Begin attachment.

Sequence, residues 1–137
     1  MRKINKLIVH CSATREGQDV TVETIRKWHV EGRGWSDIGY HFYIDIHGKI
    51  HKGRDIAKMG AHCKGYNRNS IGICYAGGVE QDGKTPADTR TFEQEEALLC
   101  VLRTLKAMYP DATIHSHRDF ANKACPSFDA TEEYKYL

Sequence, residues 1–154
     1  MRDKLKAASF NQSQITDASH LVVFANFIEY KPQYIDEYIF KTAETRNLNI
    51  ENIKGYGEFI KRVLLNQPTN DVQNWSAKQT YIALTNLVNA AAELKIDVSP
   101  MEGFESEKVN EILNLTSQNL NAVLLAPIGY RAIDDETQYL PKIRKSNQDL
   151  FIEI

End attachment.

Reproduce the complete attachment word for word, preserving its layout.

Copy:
Sequence, residues 1–137
     1  MRKINKLIVH CSATREGQDV TVETIRKWHV EGRGWSDIGY HFYIDIHGKI
    51  HKGRDIAKMG AHCKGYNRNS IGICYAGGVE QDGKTPADTR TFEQEEALLC
   101  VLRTLKAMYP DATIHSHRDF ANKACPSFDA TEEYKYL

Sequence, residues 1–154
     1  MRDKLKAASF NQSQITDASH LVVFANFIEY KPQYIDEYIF KTAETRNLNI
    51  ENIKGYGEFI KRVLLNQPTN DVQNWSAKQT YIALTNLVNA AAELKIDVSP
   101  MEGFESEKVN EILNLTSQNL NAVLLAPIGY RAIDDETQYL PKIRKSNQDL
   151  FIEI